It’s raining cats and dogs in Bukit Setiawangsa tonight. KLCC looks gloomy from a distance adding to the somber mood of the night. I glance at my laptop which stains of Ribena left by Luqman a moment ago. Luqman is in deep slumber after a day of running and jumping without a care in the world. My mind drifts away to one rainy afternoon in Maktab Rendah Sains Mara (MRSM) Kuala Terengganu. I was in a boarding school, about to sit for my SPM, and going through growing-up pains. Ah, you remember those days…
It was a Thursday; which is the end of the week in East Coast states. Back then, everybody loved Thursday because they look forward to the weekend (Friday & Saturday) – a much-needed break to enjoy themselves. It was raining heavily that day. As usual, the month of November is the beginning of monsoon season on this side of the peninsula. With nothing much to do, I lazed around my room – Cempaka 54 – staring at Ninja Turtle poster on the brown make-shift wall. Other “inmates” of Cempaka Hostel were loitering around the building to while away their time.
From a distance, I heard hurried footsteps pounding on the wooden floor from the common area heading towards my room. My comrade-in-arm, Ms. Harita, was shouting at me, “Hoi! Hujan! Jom main bola selipar!” Without further ado, I jumped at her irresistible offer. We quickly roped in few more people and in no time we were down at the small field between our hostel and the dining hall playing the game in the torrential rain.
Bola Selipar is a game played by two opposing teams; let’s name them Team A and Team B. Team A will build a triangle tower using three selipar jepun (flip-flops/thongs). A Team A’s member will then stand few metres from the tower while other members from both teams are scattered around the small field.
At the word “get-go”, the Team A’s member who is standing few metres away from the tower will utilise three attempts to bring down the tower by throwing a tennis ball at it. If she fails to bring down the tower after the third attempt, the turn now shifts to Team B. However, once the tower collapses, members from Team B must “kill” the opposing team members by throwing the tennis ball around until it hits their bodies.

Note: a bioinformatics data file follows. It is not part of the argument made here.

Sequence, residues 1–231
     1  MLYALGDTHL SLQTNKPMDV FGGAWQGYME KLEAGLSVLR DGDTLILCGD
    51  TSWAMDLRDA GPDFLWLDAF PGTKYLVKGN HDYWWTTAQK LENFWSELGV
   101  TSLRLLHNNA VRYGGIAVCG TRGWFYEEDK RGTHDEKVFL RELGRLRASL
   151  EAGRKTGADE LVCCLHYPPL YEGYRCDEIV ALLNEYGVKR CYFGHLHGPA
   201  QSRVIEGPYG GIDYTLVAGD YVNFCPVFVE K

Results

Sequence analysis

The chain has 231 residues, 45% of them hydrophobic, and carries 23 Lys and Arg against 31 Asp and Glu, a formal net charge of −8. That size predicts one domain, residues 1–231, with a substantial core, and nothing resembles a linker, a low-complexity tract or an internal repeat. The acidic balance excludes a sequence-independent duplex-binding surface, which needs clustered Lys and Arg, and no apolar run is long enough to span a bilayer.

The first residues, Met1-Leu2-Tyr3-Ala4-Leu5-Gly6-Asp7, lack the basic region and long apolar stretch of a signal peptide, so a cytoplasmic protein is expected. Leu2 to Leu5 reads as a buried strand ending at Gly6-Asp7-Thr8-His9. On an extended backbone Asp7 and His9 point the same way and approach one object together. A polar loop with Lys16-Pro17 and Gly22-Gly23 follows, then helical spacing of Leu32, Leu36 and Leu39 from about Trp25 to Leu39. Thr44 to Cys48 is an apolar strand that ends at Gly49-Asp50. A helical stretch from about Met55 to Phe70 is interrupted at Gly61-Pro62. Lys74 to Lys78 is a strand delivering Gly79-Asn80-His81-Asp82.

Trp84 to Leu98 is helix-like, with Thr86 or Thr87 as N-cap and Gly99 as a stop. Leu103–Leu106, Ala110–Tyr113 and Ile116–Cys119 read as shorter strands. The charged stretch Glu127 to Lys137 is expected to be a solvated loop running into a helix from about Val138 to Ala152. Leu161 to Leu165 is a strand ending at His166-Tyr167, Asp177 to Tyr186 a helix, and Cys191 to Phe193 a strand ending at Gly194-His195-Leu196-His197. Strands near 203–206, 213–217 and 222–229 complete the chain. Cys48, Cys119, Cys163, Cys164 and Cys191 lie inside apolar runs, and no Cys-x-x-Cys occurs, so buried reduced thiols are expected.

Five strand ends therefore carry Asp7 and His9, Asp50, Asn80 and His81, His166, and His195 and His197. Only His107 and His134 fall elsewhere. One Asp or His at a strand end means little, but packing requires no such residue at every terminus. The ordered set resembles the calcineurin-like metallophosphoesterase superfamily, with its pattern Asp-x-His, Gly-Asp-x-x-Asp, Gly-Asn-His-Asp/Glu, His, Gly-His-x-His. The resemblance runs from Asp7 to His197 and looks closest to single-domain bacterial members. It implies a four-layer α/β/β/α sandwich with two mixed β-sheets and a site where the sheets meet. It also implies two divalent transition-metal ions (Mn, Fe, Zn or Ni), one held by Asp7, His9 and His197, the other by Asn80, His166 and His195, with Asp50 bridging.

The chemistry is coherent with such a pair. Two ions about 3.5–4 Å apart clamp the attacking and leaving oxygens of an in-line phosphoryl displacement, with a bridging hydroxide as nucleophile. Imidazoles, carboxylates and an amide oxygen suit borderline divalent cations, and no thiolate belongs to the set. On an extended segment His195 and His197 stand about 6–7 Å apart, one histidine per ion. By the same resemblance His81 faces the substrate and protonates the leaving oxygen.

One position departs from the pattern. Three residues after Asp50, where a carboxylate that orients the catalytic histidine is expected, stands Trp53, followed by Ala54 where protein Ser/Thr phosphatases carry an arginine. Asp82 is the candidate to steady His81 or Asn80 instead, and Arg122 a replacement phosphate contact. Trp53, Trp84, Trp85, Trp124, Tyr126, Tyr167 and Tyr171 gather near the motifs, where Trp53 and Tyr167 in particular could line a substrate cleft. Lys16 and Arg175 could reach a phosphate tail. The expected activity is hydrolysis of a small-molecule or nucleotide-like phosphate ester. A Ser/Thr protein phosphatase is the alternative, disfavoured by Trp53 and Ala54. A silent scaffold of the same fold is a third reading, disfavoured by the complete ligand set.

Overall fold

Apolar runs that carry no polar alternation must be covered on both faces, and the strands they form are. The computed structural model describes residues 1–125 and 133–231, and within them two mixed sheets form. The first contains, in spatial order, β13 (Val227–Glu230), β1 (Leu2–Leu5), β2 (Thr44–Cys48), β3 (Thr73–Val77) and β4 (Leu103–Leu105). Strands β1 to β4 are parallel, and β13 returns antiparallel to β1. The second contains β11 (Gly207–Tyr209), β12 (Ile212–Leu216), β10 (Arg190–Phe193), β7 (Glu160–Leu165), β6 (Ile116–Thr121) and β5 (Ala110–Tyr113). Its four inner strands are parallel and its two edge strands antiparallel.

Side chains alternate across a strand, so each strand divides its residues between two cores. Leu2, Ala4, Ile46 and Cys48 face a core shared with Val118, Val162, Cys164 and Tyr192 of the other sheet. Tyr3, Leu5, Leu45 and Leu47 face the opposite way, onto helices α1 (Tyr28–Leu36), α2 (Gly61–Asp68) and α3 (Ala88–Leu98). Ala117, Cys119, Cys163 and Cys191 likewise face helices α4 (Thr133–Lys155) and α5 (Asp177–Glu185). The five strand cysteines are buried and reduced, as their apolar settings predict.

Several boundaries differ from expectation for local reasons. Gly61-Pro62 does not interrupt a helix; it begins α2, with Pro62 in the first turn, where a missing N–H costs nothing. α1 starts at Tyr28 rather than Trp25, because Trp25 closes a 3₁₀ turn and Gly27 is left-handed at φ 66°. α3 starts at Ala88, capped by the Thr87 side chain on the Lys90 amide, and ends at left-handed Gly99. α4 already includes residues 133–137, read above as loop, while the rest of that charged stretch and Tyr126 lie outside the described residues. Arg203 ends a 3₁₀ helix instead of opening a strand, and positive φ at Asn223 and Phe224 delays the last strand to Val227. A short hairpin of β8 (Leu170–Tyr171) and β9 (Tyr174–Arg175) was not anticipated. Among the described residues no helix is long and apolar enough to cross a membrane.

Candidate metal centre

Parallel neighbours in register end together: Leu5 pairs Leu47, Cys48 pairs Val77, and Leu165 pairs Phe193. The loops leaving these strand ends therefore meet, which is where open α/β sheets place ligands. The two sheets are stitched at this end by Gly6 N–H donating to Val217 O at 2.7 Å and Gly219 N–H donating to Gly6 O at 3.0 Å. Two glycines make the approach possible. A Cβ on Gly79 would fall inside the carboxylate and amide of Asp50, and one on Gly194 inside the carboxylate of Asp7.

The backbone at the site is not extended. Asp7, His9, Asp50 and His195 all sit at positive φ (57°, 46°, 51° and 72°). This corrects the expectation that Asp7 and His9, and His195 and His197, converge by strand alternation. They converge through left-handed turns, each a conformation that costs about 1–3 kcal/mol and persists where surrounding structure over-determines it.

Meanwhile, Team A’s members must make sure that they can rebuild the tower before the “demise” of all their team members. In the event Team A fails to rebuild the tower, the turn now shifts to Team B. If they manage to rebuild it in time, they keep their turn and gain one point simultaneously. Now, let the game begins!
Our drenched clothes and the flowing-water blocked our views and prevented us from hitting the opposing team members on target. Our loud voices could be heard as far as the Cenderawasih hostel, where the boys were boarding. I remember my teammate, Aya, (whom I haven’t met since we left MRSM) shouting, “Tuh! Tuh! Kat belakang mung!” Aya repeatedly pointed her index finger to the elusive Salmah (the opposing team member) for me to strike down.
I hurriedly spun my heels around and threw the ball with all my might only to hit my own teammate! “Adooohhhhh!” Saket lah bodo!” If my memory serves me well, I think, I hit Rozila with the ball. So sorry friend…
I still remember, Aya, in her desperation to avoid being hit by the ball, climbed the tree next to the clothes’ line. Oh! she can climb like a monkey that Terengganu girl. Our laughter punctured the incessant sound of the rain. It was…FUN! We were not bothered about the thunder and the lightening. We just wanted to have fun in the rain!
The game was on full swing when we heard our warden, Cikgu Zuriati, shouting at us to from the adjacent corridor to stop whatever nonsense we were doing. Busted! With the infamous thin rotan in her right hand, her face grimaced, lips pursed and eyes almost popping out, she came towards us, her undisciplined 16-year-olds, who now stood frozen in the rain, too terrified to move. Cikgu Zuriati – I must say – sent the fear of God inside me throughout my stay in the boarding school.
Our joy was short-lived. Cikgu Zuriati instructed us to stand in line along the corridors which connect the five hostels – Mawar (where good girls reside), Kenanga, Cempaka (where the outlaws live), Melati and Anggerik. “Ah, there was no escaping this one,” I silently muttered to myself.
“Swosh! Swosh! Swosh!” The rotan hit our then-tender hands. I grimaced in pain but I wasn’t repentant. The coldness went two folds up now that we were no longer under the rain. The only coherent sound that could be heard was the chattering of our teeth. We were sent back to our hostel after the public canning, a punishment we faced bravely and which left us feeling like defeated warriors. Seriously, we were just having fun and what’s wrong with that?
Here I am – 16 years down the road – reminiscing about my blissfully ignorant youth. Of all the things I remember most from this episode is that, I laughed so loudly without a single care in the world, just like Luqman did today. Apart from passing my SPM I didn’t have any real concern back then. Ah, the folly of youth…
Good night Sleepless in Setiawangsa.